EU aid to Tunisia generally well spent, but management shortcomings need to be addressed, say Auditors
EU financial assistance to Tunisia after the 2011 Arab Spring was generally well spent, according to a new report from the European Court of Auditors. The aid contributed significantly to Tunisia’s democratic transition and economic stability after the revolution. However, say the auditors, there were a number of shortcomings in the European Commission’s management of the assistance.
Tunisia’s “Jasmine revolution” in January 2011 was the first of the Arab Spring series of uprisings. Since then, Tunisia has substantially advanced its transition to democracy during a period of uncertainty characterised by political instability, social unrest and terrorist attacks. The European Union has provided considerable political and substantial financial support to help the country cope with these new challenges. Over the period 2011 to 2015, EU assistance to Tunisia totalled €1.3 billion.
The Auditors found that the European External Action Service and the Commission responded quickly with financial support to address the two main challenges: the economic crisis and the transition to democracy. But the Commission tried to tackle too many areas, which meant that the potential impact of its aid was diluted and its numerous activities were difficult to manage. Although coordination with the main donors and within EU institutions and departments was good, there was no joint programming with the Member States.
“Tunisia is struggling to maintain economic stability and security has become an important challenge for the country”, said Mr Karel Pinxten, the member of the European Court of Auditors responsible for the report. “Against such a background, the effective management of EU financial support is paramount”.
EU finance was delivered through budget support, a Macro-Financial Assistance loan and stand-alone projects. The budget support programmes transferred substantial funds quickly and helped the Tunisian authorities to shape a reform agenda, say the auditors. But the conditions were too flexible, which reduced the incentive for the Tunisian authorities to take the measures specified in the agreements. A Public Expenditure and Financial Accountability assessment, which could serve as a reputable barometer of actual progress made in reforming public finances, has not been made since 2010.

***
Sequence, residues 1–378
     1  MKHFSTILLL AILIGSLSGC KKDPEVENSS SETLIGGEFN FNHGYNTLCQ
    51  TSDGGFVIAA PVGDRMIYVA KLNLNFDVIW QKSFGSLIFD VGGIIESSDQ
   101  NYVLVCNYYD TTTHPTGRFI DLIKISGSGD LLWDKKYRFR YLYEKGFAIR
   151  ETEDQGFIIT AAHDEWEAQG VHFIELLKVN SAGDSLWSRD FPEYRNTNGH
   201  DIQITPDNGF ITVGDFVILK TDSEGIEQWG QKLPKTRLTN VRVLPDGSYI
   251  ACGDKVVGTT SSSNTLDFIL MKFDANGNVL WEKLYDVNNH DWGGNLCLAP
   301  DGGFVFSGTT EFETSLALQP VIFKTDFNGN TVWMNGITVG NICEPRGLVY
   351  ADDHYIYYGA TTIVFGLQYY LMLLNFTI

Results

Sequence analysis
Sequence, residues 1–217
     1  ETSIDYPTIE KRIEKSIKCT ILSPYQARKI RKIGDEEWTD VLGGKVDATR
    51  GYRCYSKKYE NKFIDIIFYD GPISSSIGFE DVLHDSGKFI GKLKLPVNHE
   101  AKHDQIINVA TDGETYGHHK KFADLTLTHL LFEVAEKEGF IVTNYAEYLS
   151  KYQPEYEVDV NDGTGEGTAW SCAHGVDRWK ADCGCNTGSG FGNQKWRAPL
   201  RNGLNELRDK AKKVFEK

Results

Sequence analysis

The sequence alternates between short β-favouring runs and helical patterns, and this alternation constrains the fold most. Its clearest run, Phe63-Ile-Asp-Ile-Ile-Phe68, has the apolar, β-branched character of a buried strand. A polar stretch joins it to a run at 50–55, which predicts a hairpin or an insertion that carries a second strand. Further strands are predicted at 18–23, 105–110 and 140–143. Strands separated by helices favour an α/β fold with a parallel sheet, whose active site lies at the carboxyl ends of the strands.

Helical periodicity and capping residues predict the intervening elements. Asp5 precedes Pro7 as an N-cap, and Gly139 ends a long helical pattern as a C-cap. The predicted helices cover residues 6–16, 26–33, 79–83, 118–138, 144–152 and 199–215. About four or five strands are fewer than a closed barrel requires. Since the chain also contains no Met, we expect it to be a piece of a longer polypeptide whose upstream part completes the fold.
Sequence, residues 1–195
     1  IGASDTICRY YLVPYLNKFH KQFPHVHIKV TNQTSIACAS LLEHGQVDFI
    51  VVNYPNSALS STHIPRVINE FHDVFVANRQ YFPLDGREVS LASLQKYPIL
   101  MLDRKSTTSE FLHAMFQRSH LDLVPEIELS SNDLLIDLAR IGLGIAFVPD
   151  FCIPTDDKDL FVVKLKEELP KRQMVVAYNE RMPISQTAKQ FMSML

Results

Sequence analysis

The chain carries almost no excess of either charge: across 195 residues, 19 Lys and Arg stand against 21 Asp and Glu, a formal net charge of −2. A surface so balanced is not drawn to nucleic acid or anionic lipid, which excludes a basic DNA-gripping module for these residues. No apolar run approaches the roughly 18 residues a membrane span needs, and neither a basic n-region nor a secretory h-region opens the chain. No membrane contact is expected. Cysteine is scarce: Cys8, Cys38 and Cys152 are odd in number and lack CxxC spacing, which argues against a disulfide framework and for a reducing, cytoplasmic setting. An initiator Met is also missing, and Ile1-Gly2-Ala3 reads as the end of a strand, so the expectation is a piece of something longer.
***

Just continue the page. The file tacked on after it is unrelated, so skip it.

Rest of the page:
Budget support in two of three sectors lacked credible sector strategies. There were cases with both budget support and stand-alone projects where the objectives were neither specific nor measurable.
The Tunisian authorities implemented some significant reforms, say the auditors, but at a very slow pace. This was mainly due to the numerous changes of government and the significant nature and number of the other challenges faced. The Commission has committed itself to continue supporting Tunisia, both politically and financially, in dealing with these challenges.
The auditors make a number of recommendations concerning the planning of assistance and the management of EU support. In particular, the European External Action Service and the Commission should strengthen the programming and focus of the assistance. The Commission should revise the ways in which budget support programmes are implemented. It should also improve project planning by setting out clear objectives and by establishing realistic indicators for monitoring project performance.